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Worcester man handed 12-month community order for supplying cannabis from car
AN off-duty police officer called in back-up when he believed he witnessed a young man dealing drugs from his car, a court was told.
Christopher Cox, aged 21, of Kingston Avenue, Worcester, admitted possession of cannabis with intent to supply when he appeared before magistrates in Worcester.
Peter Love, prosecuting, said an off-duty officer was in Perdiswell skate park, off Droitwich Road, Worcester, on September 27 at about 4.20pm when he noticed a Vauxhall Corsa about 20ft away from him.
“He saw two young women approach the vehicle and the male driver was seen to pass some packet to the women in exchange for something which appeared to be money,” said Mr Love.
“From what he saw and from all the circumstances, he suspected this was drug dealing he had witnessed.”
The officer called for others to attend to assist.
A search was carried out under the Misuse of Drugs Act.
Although they did not find anything, a dog and handler was called in to search the car.
Mr Love said: “Mr Cox said ‘I’m not going to lie to you – it’s under the driver’s seat’.”
Officers found a bag containing seven small, clear plastic bags, containing a quantity of cannabis.
The cannabis was seized and he was arrested.
Cox told police a female passenger who was with him had nothing to do with it.
Mr Love told the court: “He said to the police he hadn’t been smoking it – he said ‘I just sell it to make a profit because I owe people money’.
“That was recorded in an officer’s pocket notebook which Mr Cox later signed.”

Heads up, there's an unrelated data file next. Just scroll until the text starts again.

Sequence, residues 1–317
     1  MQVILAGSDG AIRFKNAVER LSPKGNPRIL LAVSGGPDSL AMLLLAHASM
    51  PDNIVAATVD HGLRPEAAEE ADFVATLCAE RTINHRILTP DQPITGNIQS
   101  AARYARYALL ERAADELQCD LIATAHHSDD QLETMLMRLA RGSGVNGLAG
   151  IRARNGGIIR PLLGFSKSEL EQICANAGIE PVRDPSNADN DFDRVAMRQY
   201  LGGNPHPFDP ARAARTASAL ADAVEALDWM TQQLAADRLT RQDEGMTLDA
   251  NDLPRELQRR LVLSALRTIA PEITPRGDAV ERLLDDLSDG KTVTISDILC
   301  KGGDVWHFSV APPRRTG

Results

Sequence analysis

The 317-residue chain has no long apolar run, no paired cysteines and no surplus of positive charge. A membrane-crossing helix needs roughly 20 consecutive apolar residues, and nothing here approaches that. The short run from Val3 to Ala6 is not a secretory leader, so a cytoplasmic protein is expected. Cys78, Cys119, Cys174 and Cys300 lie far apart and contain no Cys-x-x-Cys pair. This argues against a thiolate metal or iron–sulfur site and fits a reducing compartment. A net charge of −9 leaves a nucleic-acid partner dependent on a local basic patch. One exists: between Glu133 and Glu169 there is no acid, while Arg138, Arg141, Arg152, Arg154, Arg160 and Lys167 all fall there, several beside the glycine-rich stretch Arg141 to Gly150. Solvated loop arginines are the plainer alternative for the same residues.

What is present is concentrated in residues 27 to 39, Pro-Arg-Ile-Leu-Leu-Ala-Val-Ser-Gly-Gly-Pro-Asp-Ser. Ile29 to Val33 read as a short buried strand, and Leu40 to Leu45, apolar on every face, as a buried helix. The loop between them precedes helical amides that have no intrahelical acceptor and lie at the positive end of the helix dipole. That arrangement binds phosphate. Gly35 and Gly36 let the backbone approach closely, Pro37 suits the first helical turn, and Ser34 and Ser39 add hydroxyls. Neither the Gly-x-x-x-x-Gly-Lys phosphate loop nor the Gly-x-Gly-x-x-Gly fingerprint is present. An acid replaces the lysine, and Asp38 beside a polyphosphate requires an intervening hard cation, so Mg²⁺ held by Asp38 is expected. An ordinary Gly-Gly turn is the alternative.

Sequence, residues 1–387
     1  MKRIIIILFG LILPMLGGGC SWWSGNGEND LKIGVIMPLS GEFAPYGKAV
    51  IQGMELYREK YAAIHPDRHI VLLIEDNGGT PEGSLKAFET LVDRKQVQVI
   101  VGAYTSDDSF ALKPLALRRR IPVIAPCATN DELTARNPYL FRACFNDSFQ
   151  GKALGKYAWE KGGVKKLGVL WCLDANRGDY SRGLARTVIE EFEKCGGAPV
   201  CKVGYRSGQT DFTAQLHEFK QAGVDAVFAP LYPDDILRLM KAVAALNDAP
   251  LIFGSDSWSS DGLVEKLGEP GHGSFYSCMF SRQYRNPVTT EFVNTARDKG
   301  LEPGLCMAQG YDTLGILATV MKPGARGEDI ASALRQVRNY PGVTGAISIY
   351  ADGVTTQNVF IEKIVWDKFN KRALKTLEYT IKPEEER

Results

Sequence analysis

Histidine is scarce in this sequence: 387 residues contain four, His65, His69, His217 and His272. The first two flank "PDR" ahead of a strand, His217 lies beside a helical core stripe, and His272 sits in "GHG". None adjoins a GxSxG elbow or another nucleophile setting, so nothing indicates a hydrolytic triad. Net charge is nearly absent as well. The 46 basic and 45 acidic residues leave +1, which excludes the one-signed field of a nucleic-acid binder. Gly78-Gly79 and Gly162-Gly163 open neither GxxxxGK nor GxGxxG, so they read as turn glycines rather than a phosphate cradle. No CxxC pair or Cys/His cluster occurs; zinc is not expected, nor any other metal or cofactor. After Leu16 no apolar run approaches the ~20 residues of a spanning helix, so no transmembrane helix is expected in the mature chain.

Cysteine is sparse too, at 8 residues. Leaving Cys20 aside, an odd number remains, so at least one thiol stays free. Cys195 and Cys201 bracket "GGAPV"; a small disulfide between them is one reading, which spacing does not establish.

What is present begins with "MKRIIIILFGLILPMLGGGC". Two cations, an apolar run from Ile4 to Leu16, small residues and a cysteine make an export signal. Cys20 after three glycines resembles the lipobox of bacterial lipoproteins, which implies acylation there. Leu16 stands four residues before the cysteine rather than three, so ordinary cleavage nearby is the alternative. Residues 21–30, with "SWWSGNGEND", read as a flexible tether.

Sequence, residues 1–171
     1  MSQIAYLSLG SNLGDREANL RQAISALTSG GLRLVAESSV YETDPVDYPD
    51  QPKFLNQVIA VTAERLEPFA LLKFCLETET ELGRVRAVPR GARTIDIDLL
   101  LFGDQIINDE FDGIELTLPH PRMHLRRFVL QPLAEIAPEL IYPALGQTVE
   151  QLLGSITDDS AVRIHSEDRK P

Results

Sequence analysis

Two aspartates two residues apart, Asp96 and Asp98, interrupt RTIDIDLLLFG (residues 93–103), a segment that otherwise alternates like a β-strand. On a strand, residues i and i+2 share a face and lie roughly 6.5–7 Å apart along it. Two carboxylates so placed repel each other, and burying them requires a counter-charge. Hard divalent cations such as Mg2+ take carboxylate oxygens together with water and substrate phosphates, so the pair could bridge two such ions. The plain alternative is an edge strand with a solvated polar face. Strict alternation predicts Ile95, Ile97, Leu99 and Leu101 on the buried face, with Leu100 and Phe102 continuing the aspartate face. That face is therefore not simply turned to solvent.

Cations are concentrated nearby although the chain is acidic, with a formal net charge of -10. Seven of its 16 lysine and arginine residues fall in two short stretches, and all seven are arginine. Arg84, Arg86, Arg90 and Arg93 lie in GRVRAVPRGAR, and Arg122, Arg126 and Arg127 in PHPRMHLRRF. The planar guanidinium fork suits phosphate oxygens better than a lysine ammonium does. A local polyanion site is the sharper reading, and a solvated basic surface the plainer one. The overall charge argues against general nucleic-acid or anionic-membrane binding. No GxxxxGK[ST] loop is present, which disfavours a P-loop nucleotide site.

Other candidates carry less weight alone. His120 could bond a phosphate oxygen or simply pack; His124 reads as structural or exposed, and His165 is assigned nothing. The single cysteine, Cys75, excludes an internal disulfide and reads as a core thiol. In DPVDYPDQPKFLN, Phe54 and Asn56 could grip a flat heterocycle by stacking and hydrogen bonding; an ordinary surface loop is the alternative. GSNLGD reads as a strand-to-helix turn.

Cox was also searched at the police station, where he produced another bag of cannabis, hidden in his sock.
He told police he owed £1,000 to various people and that he had got the drugs from someone in Diglis who had bought 14 packets of cannabis for £120 and planned to sell the bags for £10 each.
The seven bags contained 5.94g of cannabis. The eight wraps, including the one found in his sock, weighed 6.28g.
Sarah Brady, defending, said Cox had no recent convictions and said her client was a “hard-working young man” from a decent family.
Both his parents were in court to support him.
She said he struggled at school, leaving without any qualifications, although he did go on to gain some qualifications at college.
He has secured work through an agency on a zero hours contract in Defford and there was some prospect of it becoming permanent.
She said: “I would suggest this is a young man who has learned his lesson.
He bitterly regrets this and he assures the court it won’t happen again.”
He was given a 12-month community order, during which he must complete 150 hours of unpaid work.
He was ordered to pay costs of £85 and a victim surcharge of £60.
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